2019 will be our 6th Big Garden Birdwatch going beyond the birds to ask about the other wildlife you’ve seen over the past year. RSPB Scotland’s Allie McGregor takes a look at why we survey other wildlife, and which species might be showing up in your garden.

Big Garden Birdwatch: Beyond the birds

It’s not just birds that face threats to their numbers, so in 2014 we began surveying other wildlife as part of Big Garden Birdwatch to help us get a more complete picture of the state of wildlife and how it changes over the years. Thousands of gardens are surveyed allowing us to build a big picture of what’s going on with wildlife, and even being able to break it down into countries, regions, and counties.

This year you will find 15 species on your survey form: Badger, fox, frog, grass snake, muntjac, great crested newt, grey squirrel, hedgehog, mole, red squirrel, roe deer, slow worm, stag beetle, stoat, and toad. For the most part these species are widespread across the UK and found in varied habitats, making them some of the UK species you will have been more likely to see throughout the year. Two of these, grass snake and stag beetle, are not known in Scotland so we’re not expecting to see those in your results!

You might be surprised at some of the species on the list, as you might not be expecting invasive species, such as the grey squirrel, to be included. However, it is important to monitor invasive species as they will likely have an impact on native species. If we can monitor where they occur and how many it can help us identify areas where problems could arise.

Our 2018 results found foxes, hedgehogs, grey squirrels, and frogs were some of the most commonly seen species by Big Garden Birdwatchers in Scotland over the previous year. The UK population of hedgehogs has suffered declines in recent decades, but there was a small increase in the number of recorded sightings in Scotland in 2018. Hedgehogs are pretty sleepy during the day so if you're the early to bed, late to rise, type it might not be a species you've spotted this year.

Scotland’s reputation as a stronghold for red squirrels was emphasised in last year’s results, with 37% of those surveyed having seen one in the last year, while nationally the figure was 6%. There are a number of ways to differentiate grey squirrels and red squirrels. The first thing to look at is their fur colour - the clue is in the name! However fur colours can vary across the year so if you still aren't sure some features to keep an eye on are size, ears, and the tail. Red squirrels are smaller, have ear tufts throughout most of the year, and the hair on their tail will all be one colour (grey squirrels tails will be fringed with white colouring).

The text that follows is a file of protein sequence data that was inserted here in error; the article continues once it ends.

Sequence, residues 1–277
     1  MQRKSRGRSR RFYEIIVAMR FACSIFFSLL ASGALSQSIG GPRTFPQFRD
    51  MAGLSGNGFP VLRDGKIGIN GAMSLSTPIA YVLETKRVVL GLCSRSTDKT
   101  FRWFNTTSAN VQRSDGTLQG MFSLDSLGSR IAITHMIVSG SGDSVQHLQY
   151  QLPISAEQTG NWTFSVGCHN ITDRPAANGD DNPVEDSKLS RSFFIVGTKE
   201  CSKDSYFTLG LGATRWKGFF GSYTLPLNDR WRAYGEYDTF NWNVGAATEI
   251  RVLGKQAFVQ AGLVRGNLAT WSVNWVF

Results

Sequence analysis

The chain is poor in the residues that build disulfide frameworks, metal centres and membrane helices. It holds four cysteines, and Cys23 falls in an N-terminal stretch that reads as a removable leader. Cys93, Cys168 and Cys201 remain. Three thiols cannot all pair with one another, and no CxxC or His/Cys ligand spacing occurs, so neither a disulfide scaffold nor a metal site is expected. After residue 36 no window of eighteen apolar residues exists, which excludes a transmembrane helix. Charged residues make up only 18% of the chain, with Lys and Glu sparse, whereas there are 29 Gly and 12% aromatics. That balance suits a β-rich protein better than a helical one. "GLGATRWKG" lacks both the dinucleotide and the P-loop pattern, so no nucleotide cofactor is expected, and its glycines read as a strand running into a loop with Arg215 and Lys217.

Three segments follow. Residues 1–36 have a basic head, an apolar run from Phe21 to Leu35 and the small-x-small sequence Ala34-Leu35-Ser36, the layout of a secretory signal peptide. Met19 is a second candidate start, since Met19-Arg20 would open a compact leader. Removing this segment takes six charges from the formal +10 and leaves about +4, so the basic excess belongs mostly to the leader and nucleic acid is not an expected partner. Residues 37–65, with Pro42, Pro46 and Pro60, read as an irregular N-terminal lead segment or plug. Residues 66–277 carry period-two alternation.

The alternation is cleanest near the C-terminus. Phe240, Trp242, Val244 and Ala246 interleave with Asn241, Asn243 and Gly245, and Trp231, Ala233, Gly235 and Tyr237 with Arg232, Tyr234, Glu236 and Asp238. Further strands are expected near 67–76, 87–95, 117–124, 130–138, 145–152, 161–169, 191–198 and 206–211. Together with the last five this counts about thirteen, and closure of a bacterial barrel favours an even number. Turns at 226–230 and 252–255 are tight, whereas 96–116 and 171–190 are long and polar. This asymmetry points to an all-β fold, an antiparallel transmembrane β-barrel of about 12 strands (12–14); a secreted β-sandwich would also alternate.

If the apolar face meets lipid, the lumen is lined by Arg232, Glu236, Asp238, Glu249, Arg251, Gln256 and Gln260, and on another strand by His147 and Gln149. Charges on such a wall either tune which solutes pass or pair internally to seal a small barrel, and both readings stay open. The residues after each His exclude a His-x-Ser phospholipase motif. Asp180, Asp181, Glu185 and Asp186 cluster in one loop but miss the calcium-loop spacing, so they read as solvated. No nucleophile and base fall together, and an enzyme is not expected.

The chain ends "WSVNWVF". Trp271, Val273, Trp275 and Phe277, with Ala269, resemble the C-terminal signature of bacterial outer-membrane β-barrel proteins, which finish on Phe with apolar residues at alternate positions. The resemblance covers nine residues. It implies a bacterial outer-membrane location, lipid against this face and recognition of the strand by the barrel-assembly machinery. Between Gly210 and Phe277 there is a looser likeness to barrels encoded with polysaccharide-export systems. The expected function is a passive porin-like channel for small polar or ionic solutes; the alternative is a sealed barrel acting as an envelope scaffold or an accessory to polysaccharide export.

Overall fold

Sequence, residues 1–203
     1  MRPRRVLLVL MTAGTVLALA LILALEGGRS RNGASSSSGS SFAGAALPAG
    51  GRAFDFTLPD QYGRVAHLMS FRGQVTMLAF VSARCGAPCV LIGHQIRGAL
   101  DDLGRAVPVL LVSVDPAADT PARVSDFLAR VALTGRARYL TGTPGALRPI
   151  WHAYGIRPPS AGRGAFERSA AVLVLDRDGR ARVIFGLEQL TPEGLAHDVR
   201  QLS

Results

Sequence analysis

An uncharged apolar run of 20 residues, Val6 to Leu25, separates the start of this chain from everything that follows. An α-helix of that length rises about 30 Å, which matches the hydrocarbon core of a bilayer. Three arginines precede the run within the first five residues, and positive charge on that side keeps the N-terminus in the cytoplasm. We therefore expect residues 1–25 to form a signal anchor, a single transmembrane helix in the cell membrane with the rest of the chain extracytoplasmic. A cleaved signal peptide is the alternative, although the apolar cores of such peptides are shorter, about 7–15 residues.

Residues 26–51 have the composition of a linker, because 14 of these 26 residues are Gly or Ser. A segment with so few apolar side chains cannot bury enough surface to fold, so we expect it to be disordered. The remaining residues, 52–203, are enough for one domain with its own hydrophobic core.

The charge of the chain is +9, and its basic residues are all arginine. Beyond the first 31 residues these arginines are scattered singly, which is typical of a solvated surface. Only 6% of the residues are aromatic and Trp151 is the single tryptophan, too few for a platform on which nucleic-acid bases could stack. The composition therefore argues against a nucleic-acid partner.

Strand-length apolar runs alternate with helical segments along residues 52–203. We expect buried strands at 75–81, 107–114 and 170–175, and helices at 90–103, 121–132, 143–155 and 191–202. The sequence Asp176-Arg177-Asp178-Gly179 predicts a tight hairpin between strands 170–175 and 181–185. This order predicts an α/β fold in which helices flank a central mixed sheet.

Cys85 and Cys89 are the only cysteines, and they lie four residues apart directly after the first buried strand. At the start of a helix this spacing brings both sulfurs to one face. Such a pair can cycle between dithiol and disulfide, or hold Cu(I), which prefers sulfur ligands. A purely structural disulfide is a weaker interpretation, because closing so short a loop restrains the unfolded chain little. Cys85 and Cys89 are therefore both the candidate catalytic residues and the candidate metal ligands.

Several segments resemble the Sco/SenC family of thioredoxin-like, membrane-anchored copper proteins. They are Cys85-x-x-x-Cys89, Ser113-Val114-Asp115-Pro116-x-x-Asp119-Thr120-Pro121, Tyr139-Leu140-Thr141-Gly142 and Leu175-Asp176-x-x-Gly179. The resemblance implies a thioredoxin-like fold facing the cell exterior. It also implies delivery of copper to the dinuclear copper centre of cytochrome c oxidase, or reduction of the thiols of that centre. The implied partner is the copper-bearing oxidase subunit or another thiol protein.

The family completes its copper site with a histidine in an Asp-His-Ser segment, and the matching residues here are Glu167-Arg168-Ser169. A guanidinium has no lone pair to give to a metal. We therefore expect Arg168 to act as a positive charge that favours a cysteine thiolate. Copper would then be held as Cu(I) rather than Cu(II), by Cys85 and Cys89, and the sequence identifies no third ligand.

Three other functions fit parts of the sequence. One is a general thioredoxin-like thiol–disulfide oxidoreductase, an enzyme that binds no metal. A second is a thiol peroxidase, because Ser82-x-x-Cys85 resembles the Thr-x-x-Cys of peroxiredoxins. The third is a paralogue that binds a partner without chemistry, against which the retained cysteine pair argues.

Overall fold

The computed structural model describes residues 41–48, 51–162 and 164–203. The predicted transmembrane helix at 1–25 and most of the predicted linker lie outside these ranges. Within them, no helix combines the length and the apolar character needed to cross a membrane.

Unfortunately, some of the species we surveyed in 2018 had some decreases in the number of sightings. Regular sightings of frogs had fallen since they were surveyed in 2014, and records of toads were seen in our outdoor spaces regularly was down from four years ago.

Frogs and toads can be particularly difficult to tell apart - there are several things you can look out for to help you out. Habitat is one clue as frogs won't stray too far from water as they lose moisture more easily than toads. This is also related to their rather slimy appearance which acts as another hint! If you're looking at the features of the mysterious amphibian the face or legs can be your go-to guide. The legs of frogs are usually longer, and allow frogs to leap further. The face of a frog is usually more pointed than that of a toad, who will have a wider face and a rounder body to match. 

Some species on our survey, great crested newts and muntjac deer, have very limited distribution in Scotland and so low records are to be expected.

Sharing all your species spots from your garden over the last year helps us learn more about how their numbers and distribution might be shifting across years. Just as we do with our birds, when we publish our results it can help bring awareness to what species might need your help, and which ones you have a good chance of spotting in your garden.

Big Garden Birdwatch helps inspire thousands to do their bit for nature – all nature!

Register to take part this year at rspb.org.uk/birdwatch

  • Of the species listed, I've only seen hedgehogs in the past, but I live in an estate on the outskirts of the city of Aberdeen. I don't expect to see or smell hedgehogs again due to the general decline of biodiversity I've seen in my lifetime, but if we can reverse the decline these and perhaps more of those listed might appear in the future. Let us all hope that in 2019 we can start to see a general willingness to fight for nature.